Hard-Throwing Jay Sborz Rewards Tigers' Patience

TOLEDO—Jay Sborz has grown a lot since the Tigers selected the righthander in the second round of the 2003 draft.

Actually, he hasn't grown much physically since that draft, redistributing 210 pounds around a 6-foot-4 frame to grow stronger and more physically fit.

But Sborz, 25, admits now that he had a lot of growing up to do following a prep career that saw him pitch for Team USA in the 2001 Youth Championships. He also earned a share of MVP honors in the inaugural Aflac All-America Game in 2003.

"It took me a while to grow up," Sborz said. "I was 18 years old, and I was drafted in the second round. Life was pretty good.

"Probably the best thing that ever happened to me was having surgery, because I didn't know if I would ever play again. It made me start thinking about what I needed to do to be able to play and make it last."

Fresh out of Langley High in McLean, Va., Sborz spent his first two pro seasons in the Rookie-level Gulf Coast League. In 2004, he finished second with 62 strikeouts but also led the GCL with nine home runs and 44 walks allowed. He then struggled in the low Class A Midwest League in 2005, posting a 7.90 ERA in 21 relief appearances.

"He was kind of inconsistent back then," said A.J. Sager, his pitching coach at West Michigan then and with Toledo now. "But you could see he had the stuff—and a pitcher's frame. There just wasn't a lot of consistency there."

Lost Development Time

"For a pitcher, it takes a certain amount of innings to develop," Sager said. "If you can stay healthy, maybe you can get those innings in two years. In Jay's case, the injuries have kept him from racking up the innings and gaining the experience, and that has gotten in the way of his development."

Ah yes, injuries. In 2006, Sborz pitched in just three games for West Michigan before right shoulder tendinitis derailed that season and the next. He appeared in 13 games in those two seasons combined, totaling 25 innings.

"The surgery was one thing, because there wasn't much I could have done to keep that from happening," he said. "But with pulled muscles and stuff like that, that was me not taking care of myself. I was basically being lazy."

Sborz made 40 appearances for high Class A Lakeland in 2008, registering seven saves, and then pitched his way to Triple-A last season after 15 outings for Double-A Erie.

But the injury bug bit Sborz again. His 2009 season ended because of an oblique strain after just two appearances for the Mud Hens. But one of those appearances seemed to change his status in the organization.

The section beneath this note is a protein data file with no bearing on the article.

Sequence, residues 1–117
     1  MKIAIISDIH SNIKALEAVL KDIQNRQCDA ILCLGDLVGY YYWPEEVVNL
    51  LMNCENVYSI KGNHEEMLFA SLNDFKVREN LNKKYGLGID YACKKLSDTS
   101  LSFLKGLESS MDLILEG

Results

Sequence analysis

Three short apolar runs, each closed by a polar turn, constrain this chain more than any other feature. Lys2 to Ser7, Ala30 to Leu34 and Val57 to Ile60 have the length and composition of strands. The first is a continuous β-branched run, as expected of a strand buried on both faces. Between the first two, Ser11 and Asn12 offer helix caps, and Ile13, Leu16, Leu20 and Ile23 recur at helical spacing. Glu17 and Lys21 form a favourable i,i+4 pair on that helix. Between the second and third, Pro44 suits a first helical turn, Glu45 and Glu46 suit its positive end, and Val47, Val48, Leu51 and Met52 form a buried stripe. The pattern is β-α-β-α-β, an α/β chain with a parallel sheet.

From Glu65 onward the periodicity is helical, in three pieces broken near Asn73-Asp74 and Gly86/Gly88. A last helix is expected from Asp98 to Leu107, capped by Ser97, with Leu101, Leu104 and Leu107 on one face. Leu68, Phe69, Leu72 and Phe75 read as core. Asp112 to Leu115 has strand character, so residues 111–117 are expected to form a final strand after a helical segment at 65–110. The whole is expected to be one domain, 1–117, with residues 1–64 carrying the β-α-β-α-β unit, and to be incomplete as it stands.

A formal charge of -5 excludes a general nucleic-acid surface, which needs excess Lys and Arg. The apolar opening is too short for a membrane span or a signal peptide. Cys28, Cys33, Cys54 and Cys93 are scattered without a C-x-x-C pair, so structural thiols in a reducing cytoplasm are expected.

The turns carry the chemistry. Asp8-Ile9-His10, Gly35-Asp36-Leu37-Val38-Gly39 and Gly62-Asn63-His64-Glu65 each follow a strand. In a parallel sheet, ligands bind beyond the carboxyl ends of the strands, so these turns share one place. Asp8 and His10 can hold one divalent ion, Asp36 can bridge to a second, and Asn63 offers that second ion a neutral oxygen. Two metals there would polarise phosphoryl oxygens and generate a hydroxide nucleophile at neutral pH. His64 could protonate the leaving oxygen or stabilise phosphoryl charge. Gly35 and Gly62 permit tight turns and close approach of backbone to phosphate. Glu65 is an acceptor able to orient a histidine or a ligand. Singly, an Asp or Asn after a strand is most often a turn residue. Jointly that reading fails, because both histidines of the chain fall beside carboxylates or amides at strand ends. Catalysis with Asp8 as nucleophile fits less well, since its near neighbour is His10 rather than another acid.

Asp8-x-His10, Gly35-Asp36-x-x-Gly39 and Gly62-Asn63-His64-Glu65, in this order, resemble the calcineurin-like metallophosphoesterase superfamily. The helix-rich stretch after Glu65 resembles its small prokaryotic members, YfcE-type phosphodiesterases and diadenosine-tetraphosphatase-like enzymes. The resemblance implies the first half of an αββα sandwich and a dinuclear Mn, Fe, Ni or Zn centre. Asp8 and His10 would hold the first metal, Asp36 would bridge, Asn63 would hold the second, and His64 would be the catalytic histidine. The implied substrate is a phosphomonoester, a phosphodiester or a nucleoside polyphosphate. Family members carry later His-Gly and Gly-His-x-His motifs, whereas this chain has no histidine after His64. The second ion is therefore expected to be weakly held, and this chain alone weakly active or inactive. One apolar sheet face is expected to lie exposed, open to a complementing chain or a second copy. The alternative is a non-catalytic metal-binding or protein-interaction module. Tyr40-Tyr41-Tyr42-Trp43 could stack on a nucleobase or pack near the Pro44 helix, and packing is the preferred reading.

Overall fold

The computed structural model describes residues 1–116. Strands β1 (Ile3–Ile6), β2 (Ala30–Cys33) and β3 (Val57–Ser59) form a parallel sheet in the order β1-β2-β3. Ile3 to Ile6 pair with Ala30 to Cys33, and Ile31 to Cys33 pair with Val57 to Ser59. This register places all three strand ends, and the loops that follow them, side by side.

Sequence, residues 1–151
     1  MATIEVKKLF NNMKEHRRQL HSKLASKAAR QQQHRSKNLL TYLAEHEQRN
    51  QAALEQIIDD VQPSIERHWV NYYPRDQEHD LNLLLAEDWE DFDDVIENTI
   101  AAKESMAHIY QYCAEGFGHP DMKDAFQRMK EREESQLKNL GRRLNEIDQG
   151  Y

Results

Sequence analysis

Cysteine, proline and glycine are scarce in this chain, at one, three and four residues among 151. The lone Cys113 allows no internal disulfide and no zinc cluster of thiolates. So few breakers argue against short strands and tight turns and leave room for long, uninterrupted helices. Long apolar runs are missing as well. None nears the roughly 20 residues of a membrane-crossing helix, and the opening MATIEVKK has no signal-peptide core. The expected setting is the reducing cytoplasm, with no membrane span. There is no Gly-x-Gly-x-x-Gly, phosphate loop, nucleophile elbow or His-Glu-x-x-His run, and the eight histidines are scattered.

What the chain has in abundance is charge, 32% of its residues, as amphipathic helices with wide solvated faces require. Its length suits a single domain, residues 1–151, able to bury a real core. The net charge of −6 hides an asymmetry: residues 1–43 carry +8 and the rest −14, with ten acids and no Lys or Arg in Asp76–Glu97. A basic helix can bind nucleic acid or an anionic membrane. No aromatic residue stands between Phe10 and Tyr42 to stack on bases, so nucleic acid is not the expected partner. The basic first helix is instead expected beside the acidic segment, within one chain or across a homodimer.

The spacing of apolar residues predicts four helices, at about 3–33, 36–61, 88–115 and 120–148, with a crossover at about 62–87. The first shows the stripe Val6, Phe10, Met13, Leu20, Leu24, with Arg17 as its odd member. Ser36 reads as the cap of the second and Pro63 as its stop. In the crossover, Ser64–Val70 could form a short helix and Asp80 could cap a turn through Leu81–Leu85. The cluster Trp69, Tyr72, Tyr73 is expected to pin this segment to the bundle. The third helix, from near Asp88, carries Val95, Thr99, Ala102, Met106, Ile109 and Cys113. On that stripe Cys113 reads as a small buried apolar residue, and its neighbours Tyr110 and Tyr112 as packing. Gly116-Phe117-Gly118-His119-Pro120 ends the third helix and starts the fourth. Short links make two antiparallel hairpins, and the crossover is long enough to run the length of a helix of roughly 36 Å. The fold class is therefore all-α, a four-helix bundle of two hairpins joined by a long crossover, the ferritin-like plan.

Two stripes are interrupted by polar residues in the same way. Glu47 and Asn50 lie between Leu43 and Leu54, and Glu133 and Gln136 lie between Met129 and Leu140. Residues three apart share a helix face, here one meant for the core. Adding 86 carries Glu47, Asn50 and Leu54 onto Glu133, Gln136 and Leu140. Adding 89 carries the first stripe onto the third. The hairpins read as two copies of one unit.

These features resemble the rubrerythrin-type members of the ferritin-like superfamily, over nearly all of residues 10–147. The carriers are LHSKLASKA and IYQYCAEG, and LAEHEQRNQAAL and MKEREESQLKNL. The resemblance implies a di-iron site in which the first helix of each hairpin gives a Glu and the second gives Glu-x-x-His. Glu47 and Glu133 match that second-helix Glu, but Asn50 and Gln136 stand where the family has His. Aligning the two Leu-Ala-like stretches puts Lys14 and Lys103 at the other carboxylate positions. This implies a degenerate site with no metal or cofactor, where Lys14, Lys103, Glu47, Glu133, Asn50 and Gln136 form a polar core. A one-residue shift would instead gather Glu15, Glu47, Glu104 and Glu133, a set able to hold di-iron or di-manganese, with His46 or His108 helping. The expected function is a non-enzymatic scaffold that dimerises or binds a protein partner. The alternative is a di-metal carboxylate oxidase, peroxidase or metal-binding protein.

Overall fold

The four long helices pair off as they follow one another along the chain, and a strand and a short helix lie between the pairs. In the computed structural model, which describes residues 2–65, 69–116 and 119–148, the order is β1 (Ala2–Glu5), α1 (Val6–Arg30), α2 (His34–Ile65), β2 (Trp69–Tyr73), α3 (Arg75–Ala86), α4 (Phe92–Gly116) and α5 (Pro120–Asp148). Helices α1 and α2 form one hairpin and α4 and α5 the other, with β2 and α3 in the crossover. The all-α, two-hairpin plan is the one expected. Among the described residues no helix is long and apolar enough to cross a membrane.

Sborz first pitched for Toledo in a June 30, 2009, game against Indianapolis. He struck out two Indians in a pair of scoreless, hitless innings.

"I remember I was nervous," Sborz said. "I know it was a good outing. I threw mainly fastballs, although I struck the last guy out on a 3-2 breaking ball—looking.

"Triple-A was a step up, and I knew I was heading somewhere."

Toledo manager Larry Parrish said that effort was enough to convince him to report to the Tigers that Sborz should be considered one of the organization's better prospects. Detroit added him to its 40-man roster following the season.

"He was running it up at 94-95 (mph) with a plus breaking ball," Parrish said of that Indy outing.

Sager agreed, adding, "I had heard Jay had matured, and he had gained some consistency. What little we saw of him last year showed that was the case."

Late-Inning Relief Profile

These days Sborz throws a plus fastball that sits at 94-95 mph, along with a breaking ball that Sager calls "at least major league average."

"If he gets behind in the count, he can still get back in the count just because of his stuff," Sager said. "His stuff is good enough that he can pitch in the major leagues.

"He needs to show that he'll be able to answer the bell and throw strikes consistently. If he can do that, things are going to end up the way he wants them to end up."

Through early May, Sborz had been more than consistent—he had been impressive. In his first 11 appearances, Sborz allowed only one run on six hits and five walks, while fanning 11 in 10 innings. He converted all eight of his save opportunities to tie for the International League lead—though he had taken one loss when he allowed a walk-off homer to Norfolk's Josh Bell.

But Sborz wasn't completely satisfied.

"I haven't walked that many people, but I've had a lot of 3-2 counts, which isn't good," he said. "My breaking ball isn't exactly where I need it to be. There's always room for improvement. I'm still working on a changeup, and I know I need to get that pitch down. But I'm always working on command—if I throw strikes, I know I can get outs."

Continued good health also will be important.

"It won't be just his numbers (in Toledo that determine his future)," Parrish said. "Will he be able to go up and handle the rigors of how they will pitch him at the big league level?

"His future is kind of untapped. He has enough stuff to be a closer in the majors, or at least an eighth-inning set-up guy."

As far as the Tigers are concerned, the best news is that Sborz is healthy and has shown signs of becoming the pitcher they expected him to be when they drafted him in 2003.

"Last year made me think about (the things I was missing)," Sborz said. "I may have had a shot to be up in the big leagues last year if I could have played. But injuries killed absolutely everything I had going for me.

"I really want (to make the big leagues) this year. I want it for myself, I want it for my family. I think I'm finally growing up and heading in the right direction."